Spark (Dusting off some rock mixing chops)

Dusting off some rock mixing with a Spark (loudness warning)

Did a quick mix. I had mixed this one once before. Revisiting.
Let me know how it is sounding, and what can be improved. Thanks!


Sounds great.
The vocals is so nice.
Professional recording.
I love that the vocals are floating above the mix.
I love the guitar solo on the background, and I wanted to hear more of it, the guitar solo can actually come up a bit in the mix.
Beautiful song, lovely vocals.

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cool vibe I know now my ears are really failing. I could not hear the vocal words in the first verse. Really a unique voice.
I was wondering if you think it would be easier for you to have all the tracks when you are asked to master???

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for mastering multi tracks are not needed :slight_smile: I can work with the mix as is. Are you asking for your mix?

No, I just don’t understand it I guess. It’s like, when mastering, you hear one guitat or vocal track too low or high, how can you adjust that? ha ha Don’t even answer because I wouldn’t understand it anyway,

Well it isnt any kind of dark art. It is about 80% EQ and 20% compression.
All frequencies are already there in the mix. You can sweep for those frequencies using a notch in the eq and boost them or cut them. Though, in an ideal world, most mastering engineers dont resculpt the sound, as they usually work with a mix engineer. But it is becoming more and more common these days…and Mixing and Mastering engineers are usually the same people. Mastering is slowly but steadily phasing away from the industry. Confirmed by some once really busy mastering engineers. Though some really really good mastering engineers are still thriving.

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Interesting song, is this a Cambridge Music Technology free download of multitracks, or from a mix contest, or something you did for a client?

My first impression was that the drums were really up-front and strong in the first part of the song. They sounded good, just seemed to dominate the mix a little bit. Listening again it seems my speakers are very volume dependent on how the mix sounds. They’re old computer speakers that I hadn’t used in a long time and started using again. I’ll try to listen to this later on studio monitors.

So far it seems like there are different volume levels on instruments in different sections of the song. Maybe my ears have gotten lazy, or the dynamics of the fast/loud parts and slower/soft parts are confusing my senses. (or these speakers)

It may be the song arrangement to some degree, but it seemed like the vocals got really quiet in places, and the end of the track seemed quieter than the first two minutes of the song. Take this with a grain of salt, as I’m only on the 2nd listen and am working with these speakers as I said. To try to be more specific, the snare in the earlier part of the song is relatively loud and crisp, and near the end of the song the tone of it seems softer and the volume lower in the mix.

It also seems like the sound of the song in the first two minutes versus that very last part (the most Rock sounding parts) are at different volumes and almost sound like different mixes. Is that in the tracks themselves, or was that something you did on purpose? This may be “squint mode” stuff (subtleties), or again may be my ears and perceptions at this time. Please elaborate on any of this that you may feel is erroneous. :slightly_smiling_face:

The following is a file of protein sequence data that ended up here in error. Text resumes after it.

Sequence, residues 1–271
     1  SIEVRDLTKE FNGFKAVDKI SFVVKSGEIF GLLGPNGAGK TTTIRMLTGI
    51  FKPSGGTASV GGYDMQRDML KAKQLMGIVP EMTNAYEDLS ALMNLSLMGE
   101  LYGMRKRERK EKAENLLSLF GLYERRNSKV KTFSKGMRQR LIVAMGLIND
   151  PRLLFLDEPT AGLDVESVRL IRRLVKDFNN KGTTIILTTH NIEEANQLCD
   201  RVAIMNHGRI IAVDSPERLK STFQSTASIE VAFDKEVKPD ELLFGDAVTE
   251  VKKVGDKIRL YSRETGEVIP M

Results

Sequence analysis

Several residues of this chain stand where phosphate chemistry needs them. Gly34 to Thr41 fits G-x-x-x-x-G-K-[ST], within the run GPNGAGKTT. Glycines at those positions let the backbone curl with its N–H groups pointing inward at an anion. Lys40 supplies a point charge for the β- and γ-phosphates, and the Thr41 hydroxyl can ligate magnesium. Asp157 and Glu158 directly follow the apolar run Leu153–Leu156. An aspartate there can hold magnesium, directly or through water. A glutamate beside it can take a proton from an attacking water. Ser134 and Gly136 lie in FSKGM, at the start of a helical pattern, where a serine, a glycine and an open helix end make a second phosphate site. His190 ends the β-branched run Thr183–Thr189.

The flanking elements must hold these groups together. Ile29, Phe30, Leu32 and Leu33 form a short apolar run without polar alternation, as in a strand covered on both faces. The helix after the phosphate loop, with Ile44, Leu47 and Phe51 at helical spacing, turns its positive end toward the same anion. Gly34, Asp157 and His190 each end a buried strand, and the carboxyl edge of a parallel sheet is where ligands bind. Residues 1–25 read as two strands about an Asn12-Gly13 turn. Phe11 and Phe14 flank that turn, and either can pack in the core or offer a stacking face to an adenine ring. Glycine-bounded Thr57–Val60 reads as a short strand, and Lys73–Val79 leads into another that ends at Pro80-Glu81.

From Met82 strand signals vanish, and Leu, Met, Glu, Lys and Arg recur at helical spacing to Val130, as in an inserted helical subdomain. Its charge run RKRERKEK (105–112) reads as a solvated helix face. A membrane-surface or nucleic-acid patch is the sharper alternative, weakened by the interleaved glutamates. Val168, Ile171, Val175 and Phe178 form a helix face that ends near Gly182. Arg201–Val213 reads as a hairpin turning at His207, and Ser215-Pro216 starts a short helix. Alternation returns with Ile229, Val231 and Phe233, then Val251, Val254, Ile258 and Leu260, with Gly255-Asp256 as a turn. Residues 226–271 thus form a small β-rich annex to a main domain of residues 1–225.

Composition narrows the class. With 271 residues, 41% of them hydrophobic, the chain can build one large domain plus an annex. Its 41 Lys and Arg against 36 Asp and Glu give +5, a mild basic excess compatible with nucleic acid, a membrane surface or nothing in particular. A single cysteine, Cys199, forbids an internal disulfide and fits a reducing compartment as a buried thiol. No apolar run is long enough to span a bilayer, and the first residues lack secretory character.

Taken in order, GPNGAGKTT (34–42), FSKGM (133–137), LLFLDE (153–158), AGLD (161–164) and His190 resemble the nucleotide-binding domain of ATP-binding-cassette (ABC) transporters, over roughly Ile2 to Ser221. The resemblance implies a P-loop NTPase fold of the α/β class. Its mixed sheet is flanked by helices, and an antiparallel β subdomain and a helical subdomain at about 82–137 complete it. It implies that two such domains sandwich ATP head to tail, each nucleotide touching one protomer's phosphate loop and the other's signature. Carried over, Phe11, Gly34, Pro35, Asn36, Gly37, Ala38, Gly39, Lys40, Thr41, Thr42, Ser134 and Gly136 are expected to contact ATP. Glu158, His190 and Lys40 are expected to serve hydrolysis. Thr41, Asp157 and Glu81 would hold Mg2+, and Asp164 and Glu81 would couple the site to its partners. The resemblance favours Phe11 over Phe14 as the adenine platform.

Also, I agree with Rene that the lead guitar at the end could get more prominence.

Last note - I notice that on this audio track, and also I believe that mastered track of Paul’s you uploaded, the length of the track is significantly longer than the song. Just pointing it out. This uploaded track is 4:49, but the song ends about 3:18 unless I missed something. I usually leave just a few seconds of silence after the end of a song when bouncing/rendering.

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yes I think it is. I had downloaded it a while back. It was also in one of the contests at amc.
It was a practice run. It is a good stem recording overall so I like to play around with different things in this mix. Trying to get my ears reset to rock again :laughing:

yup I have the drums cranked up. This is a drum forward version. I will post another version later at somepoint.

nope. I think it was intended to contrast overall. It could be subtleties like you say.

haha I tend to do that sometimes so tracks cant just be used somewhere (by non pros). I sometimes cut the lengths and sometimes extend it.

hmm I will have to check that out as well. Havent bother with translations on lofi speakers. Though they do struggle with loud mixes. Also check to see if there are any audio enhancements already inbuilt in your computer.

Thanks for listening :slight_smile:

Thanks Rene, that is a great observation. I will play around with the guitar stem a bit to see what I can do.

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Ah, kind of like a “watermark”, but not intrusive to the audio (unless you cut the music short).

No enhancements I’m aware of. “Spacial sound” is Off, and I don’t see anything else that would affect the sound. The speakers are Harman-Kardon HK195, a bit better than the average cheap computer speakers, but probably not by much. I have been using them again for about the last 2 weeks after a hiatus of 2+ years.

I don’t think we have talked about translations much on the forum for quite some time. Probably something good to revisit, though I don’t know if people are worrying about it as much as they used to. I remember burning rendered mixes to CD and running out to the car to listen. Ah, the good old days. :joy: I believe there’s now a plugin that will replicate multiple listening environments for you. I think once we realized the vast majority of people are probably listening on earbuds (or cheap computer speakers), we backed off of our fussy OCD. :nerd_face: :face_with_monocle: